Evidence from neuroimaging post-mortem, and genetic studies suggests that bipolar disorder (BD) is associated with abnormalities of the serotonin-transporter (5-HTT) system. Because of various limitations of these studies, however, it has remained unclear whether 5-HTT binding is abnormal in unmedicated BD-subjects. This study used PET and [(11)C]DASB, a radioligand that afforded higher sensitivity and specificity for the 5-HTT than previously available radioligands, to compare 5-HTT binding between BD and control subjects.
The 5-HTT binding-potential (BP) was assessed in 18 currently-depressed, unmedicated BD-subjects and 37 healthy controls using PET and [(11)C]DASB.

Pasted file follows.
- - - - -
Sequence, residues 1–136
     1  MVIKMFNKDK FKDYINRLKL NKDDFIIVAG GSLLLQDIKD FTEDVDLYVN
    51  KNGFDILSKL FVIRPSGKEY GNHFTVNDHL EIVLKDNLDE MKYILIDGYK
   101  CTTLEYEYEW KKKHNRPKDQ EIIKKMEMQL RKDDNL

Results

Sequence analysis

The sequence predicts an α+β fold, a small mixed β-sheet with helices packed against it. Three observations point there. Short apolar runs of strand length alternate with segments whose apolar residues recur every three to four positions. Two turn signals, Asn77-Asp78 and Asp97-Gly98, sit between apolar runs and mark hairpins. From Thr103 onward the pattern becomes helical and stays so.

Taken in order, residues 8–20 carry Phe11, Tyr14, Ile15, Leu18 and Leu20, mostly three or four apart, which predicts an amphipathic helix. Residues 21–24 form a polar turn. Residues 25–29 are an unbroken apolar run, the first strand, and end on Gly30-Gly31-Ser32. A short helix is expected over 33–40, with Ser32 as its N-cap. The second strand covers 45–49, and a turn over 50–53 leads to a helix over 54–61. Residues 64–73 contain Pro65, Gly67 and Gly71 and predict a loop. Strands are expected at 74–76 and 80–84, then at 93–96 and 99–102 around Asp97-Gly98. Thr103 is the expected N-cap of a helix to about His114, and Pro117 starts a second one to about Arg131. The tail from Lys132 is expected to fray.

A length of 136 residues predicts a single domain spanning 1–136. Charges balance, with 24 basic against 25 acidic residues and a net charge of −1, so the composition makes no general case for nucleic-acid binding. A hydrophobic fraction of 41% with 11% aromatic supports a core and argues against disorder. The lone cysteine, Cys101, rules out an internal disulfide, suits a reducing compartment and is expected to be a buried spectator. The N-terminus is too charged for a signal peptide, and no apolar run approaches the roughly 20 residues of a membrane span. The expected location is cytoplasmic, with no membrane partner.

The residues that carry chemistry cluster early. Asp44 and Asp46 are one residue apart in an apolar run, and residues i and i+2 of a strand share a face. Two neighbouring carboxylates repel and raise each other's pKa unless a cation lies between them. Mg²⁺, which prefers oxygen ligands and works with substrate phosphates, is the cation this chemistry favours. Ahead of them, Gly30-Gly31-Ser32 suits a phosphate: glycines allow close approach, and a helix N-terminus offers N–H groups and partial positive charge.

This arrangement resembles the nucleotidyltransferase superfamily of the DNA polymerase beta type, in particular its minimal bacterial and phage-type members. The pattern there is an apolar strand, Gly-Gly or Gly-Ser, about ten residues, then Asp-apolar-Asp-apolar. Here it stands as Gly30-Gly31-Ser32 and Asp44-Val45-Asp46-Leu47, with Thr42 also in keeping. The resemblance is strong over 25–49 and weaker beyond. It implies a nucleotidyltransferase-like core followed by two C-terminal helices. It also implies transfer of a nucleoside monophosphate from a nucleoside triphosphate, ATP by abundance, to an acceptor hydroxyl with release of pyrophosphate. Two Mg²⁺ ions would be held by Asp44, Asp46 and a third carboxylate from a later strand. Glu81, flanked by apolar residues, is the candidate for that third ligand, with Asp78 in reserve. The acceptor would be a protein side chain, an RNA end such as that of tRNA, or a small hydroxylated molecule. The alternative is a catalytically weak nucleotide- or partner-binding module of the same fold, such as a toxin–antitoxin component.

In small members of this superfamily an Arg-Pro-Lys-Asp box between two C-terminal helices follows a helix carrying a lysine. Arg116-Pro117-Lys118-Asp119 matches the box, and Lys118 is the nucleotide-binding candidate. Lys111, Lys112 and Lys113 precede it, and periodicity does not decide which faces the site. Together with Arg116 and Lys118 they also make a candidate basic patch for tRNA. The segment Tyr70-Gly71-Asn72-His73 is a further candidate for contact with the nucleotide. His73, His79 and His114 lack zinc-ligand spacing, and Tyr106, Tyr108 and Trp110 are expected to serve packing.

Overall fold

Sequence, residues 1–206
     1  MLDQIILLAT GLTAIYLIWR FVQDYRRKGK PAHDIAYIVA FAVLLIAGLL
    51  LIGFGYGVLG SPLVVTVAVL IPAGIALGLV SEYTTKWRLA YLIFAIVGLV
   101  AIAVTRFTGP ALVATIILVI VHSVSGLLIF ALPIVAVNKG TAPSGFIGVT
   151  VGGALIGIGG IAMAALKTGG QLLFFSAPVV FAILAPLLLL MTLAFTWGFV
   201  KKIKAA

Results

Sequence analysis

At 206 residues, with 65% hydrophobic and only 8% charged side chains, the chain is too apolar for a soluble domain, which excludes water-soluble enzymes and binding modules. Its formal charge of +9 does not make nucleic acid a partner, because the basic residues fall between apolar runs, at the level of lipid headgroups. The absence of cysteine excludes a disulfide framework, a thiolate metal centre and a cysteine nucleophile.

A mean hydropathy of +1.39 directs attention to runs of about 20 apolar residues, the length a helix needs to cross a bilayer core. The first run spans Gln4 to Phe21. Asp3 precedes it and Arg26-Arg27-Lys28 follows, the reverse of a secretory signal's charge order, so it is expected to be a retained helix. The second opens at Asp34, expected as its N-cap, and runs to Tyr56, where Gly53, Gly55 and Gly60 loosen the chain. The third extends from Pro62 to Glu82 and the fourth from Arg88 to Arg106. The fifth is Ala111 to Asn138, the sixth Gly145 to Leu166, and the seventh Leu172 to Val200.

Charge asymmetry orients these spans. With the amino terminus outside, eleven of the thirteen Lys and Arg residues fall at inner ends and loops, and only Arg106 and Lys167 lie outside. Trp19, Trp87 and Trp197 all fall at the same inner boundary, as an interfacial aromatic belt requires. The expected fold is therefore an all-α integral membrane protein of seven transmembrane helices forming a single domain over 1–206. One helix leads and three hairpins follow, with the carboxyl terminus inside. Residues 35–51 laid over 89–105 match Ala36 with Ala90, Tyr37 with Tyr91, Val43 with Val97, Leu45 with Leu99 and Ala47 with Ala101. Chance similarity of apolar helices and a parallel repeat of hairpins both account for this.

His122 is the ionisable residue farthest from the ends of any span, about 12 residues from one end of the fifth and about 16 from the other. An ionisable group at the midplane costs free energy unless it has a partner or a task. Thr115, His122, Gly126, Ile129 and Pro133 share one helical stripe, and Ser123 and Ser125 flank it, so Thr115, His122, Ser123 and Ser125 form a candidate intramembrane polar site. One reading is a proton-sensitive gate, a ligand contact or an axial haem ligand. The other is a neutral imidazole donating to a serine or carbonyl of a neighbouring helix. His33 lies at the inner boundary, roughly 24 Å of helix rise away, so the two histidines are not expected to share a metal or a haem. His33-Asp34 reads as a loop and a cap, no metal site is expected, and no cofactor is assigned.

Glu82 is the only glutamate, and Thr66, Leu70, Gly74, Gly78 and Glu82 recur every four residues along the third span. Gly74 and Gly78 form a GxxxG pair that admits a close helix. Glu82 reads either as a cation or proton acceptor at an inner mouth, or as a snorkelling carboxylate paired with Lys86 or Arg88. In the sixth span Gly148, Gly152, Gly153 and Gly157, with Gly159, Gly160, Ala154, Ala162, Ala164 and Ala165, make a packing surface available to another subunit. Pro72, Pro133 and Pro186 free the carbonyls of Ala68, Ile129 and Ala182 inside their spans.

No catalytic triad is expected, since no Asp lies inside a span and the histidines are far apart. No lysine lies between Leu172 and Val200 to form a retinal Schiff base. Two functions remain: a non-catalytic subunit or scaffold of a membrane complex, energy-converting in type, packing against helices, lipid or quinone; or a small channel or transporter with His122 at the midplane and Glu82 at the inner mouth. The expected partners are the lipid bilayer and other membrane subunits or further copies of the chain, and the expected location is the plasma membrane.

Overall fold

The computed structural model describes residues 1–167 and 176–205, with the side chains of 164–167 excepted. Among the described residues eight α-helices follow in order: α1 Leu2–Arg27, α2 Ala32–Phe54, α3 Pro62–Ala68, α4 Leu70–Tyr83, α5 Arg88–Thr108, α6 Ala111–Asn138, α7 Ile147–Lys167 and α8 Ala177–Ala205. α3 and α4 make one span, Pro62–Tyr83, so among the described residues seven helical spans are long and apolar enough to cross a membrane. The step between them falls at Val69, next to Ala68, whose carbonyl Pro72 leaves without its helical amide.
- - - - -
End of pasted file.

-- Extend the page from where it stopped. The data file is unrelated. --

In BD, the mean 5-HTT BP was increased in thalamus, dorsal cingulate cortex (DCC), medial prefrontal cortex and insula and decreased in the brainstem at the level of the pontine raphe-nuclei. Anxiety ratings correlated positively with 5-HTT BP in insula and DCC, and BP in these regions was higher in subjects manifesting pathological obsessions and compulsions relative to BD-subjects lacking such symptoms. Subjects with a history of suicide attempts showed reduced 5-HTT binding in the midbrain and increased binding in anterior cingulate cortex versus controls and to BD-subjects without attempts.
This is the first study to report abnormalities in 5-HTT binding in unmedicated BD-subjects. The direction of abnormality in the brainstem was opposite to that found in the cortex, thalamus, and striatum. Elevated 5-HTT binding in the cortex may be related to anxiety symptoms and syndromes associated with BD.